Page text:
Python will never include an argument in kwargs if it is declared as a formal parameter. Also, is is absolutely valid to have parameters with default values before the args tuple. Something else is going on here. – Ian Clelland Dec 21 '09 at 20:00
  • Yes I agree with you, although this simpler approach is a better approach in general, so I am content. A complicated implementation is always bound to throw hard to detect bugs into the mix. – Marcus Whybrow Dec 22 '09 at 1:04
  • I agree with Ian Clelland's explanation below. Although, this is a valid way to handle *args and **kwargs, the fact that request.POST is being passed as the positional argument for collection_type (and then collection_type=collection_type is also passed) is the real reason why the error is occurring. – DuneBug May 7 '13 at 18:15

It's pretty simple: you pass request.POST and only afterward you put argument for collection_type. Onto what request.POST will be put? There is not place for that. Watch this:

In [8]: class A:
   ...:     def __init__(self, a, *args):
   ...:         print a, args

In [9]: A(None, a=None)
TypeError                                 Traceback (most recent call last)

/home/gruszczy/Programy/logbuilder/<ipython console> in <module>()

TypeError: __init__() got multiple values for keyword argument 'a'

Move request.POST somewhere else in the call, but remember, that named arguments come after the ones, that aren't.

  • surely all other arguments are named, thus request.POST must be passed in as the first argument? – Marcus Whybrow Dec 21 '09 at 19:14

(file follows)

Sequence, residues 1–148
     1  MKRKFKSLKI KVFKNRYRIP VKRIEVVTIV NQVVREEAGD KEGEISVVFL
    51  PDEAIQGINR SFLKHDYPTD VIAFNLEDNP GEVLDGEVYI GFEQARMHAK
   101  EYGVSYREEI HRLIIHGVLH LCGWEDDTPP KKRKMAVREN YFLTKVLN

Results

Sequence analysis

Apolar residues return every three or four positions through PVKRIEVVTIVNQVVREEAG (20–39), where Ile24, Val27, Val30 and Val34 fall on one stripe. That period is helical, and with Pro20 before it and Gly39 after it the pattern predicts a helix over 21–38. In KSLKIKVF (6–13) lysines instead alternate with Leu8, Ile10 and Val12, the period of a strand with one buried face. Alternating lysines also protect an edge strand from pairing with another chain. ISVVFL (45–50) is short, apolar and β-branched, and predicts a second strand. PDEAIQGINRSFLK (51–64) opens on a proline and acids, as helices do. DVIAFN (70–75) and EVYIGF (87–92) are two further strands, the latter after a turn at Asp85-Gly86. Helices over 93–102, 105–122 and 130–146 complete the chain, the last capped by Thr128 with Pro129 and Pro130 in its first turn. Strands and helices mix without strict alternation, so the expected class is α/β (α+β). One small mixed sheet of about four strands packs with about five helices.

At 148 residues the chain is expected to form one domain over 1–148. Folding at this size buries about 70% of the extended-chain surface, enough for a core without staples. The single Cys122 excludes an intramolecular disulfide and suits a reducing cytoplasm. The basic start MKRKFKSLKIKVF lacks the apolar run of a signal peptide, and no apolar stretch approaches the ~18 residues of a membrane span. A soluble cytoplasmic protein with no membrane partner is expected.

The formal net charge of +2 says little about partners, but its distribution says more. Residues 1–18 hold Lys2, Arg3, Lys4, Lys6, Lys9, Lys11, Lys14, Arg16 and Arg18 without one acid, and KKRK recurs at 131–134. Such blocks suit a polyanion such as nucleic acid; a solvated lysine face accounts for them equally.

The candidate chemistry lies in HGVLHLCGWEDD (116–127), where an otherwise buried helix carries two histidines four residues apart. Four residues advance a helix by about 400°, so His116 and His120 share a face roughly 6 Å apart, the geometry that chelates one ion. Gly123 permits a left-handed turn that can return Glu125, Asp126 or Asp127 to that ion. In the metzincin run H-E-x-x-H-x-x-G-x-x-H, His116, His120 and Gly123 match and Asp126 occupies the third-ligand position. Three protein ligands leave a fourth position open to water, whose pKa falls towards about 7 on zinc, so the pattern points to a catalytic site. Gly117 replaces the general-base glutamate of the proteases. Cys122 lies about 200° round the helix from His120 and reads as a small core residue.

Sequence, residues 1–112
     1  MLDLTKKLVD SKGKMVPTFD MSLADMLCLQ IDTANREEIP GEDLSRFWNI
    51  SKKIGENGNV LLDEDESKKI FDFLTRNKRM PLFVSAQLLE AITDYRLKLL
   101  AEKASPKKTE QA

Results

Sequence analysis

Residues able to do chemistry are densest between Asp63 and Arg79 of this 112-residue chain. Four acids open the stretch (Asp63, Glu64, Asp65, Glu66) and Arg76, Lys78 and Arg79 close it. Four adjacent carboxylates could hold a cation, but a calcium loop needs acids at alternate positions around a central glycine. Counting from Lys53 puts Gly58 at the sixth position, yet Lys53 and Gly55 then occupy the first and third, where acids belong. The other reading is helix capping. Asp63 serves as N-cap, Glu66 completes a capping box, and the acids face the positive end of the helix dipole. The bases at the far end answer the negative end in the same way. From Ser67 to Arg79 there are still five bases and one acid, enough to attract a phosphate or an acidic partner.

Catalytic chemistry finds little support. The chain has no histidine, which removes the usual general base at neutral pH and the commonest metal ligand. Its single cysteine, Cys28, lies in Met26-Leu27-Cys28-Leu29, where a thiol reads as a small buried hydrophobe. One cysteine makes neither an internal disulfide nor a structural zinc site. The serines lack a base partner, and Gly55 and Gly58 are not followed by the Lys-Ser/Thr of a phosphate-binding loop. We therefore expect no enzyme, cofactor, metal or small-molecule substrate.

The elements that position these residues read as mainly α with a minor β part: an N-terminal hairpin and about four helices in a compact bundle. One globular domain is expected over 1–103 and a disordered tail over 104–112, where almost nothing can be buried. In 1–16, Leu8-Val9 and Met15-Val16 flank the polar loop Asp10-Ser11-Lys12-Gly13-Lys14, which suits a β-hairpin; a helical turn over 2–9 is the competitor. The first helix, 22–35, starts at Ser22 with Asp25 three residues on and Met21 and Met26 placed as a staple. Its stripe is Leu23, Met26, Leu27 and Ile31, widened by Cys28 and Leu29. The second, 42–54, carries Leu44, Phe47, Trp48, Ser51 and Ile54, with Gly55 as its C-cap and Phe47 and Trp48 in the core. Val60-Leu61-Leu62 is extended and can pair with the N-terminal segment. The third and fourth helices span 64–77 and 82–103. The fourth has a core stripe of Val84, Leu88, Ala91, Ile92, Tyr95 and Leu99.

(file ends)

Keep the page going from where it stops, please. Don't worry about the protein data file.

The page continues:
• @Marcus Whybrow: Yes, request.POST must be passed as the first argument, but the first argument declared for init is collection_type (self doesn't count) – Ian Clelland Dec 21 '09 at 20:02

Daniel Roseman's solution is to handle a mixture of *args and **kwargs better, but gruszczy's explanation is the correct one:

You have defined CreateCollectionForm.__init__ with this signature:

def __init__(self, collection_type, user=None, parent=None, *args, **kwargs)

And you are then calling it like this:

form = CreateCollectionForm(

self is assigned implicitly during the call. After that, Python sees only one positional argument: request.POST, which is assigned as collection_type, the first parameter. Then, the keyword arguments are processed, and when Python sees another keyword argument names collection_type, then it has to throw a TypeError.

Daniel's solution is a good one, by removing all named parameters, it is much easier to handle things like this, and to pass them up through super() to higher-level constructors. Alternately, you need to make the post dictionary the first formal parameter to your __init__ method, and pass it up to the superclass.

  • I see, to be honest I did not want to touch the request.POST due to my knowledge of all the contributing factors not being top-notch. Thanks for clarifying gruszczy's answer, although I feel I should leave Daniel Roseman's as the primary answer, as it provides a direct solution to my specific problem, would that be the correct protocol? – Marcus Whybrow Dec 22 '09 at 1:12
  • I think that it would be. If you are using super() in a constructor, that means that you recognize that your constructor could be called as part of a chain of calls, and it is generally best to only use *args and **kwargs. – Ian Clelland Dec 22 '09 at 15:55